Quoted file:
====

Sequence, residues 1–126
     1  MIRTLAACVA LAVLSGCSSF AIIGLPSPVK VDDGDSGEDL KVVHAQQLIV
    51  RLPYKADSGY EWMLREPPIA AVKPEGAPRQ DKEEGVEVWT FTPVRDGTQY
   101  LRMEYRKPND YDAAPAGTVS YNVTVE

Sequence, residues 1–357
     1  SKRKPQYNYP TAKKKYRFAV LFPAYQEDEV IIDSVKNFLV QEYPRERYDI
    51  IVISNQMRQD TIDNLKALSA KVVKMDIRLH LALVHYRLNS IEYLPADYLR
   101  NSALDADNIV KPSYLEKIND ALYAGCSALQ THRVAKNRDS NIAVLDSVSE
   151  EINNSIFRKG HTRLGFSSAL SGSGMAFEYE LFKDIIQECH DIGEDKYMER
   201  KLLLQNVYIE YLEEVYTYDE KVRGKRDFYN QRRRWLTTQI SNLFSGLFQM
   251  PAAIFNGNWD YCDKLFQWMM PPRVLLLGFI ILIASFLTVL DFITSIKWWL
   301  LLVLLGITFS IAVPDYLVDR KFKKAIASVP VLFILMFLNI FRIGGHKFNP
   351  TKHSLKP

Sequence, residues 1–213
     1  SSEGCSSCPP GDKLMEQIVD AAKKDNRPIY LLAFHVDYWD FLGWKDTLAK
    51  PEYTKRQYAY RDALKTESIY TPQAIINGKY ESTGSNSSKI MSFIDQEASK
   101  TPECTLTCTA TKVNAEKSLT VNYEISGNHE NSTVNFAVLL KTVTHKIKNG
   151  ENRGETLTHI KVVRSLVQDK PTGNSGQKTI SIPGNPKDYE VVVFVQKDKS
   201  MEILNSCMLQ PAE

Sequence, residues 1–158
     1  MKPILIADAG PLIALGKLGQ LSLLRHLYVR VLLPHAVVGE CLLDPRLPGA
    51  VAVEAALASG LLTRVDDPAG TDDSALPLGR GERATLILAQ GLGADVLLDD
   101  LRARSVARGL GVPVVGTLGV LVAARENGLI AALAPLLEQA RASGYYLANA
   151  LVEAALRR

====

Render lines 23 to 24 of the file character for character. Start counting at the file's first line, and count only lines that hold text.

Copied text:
   101  LRARSVARGL GVPVVGTLGV LVAARENGLI AALAPLLEQA RASGYYLANA
   151  LVEAALRR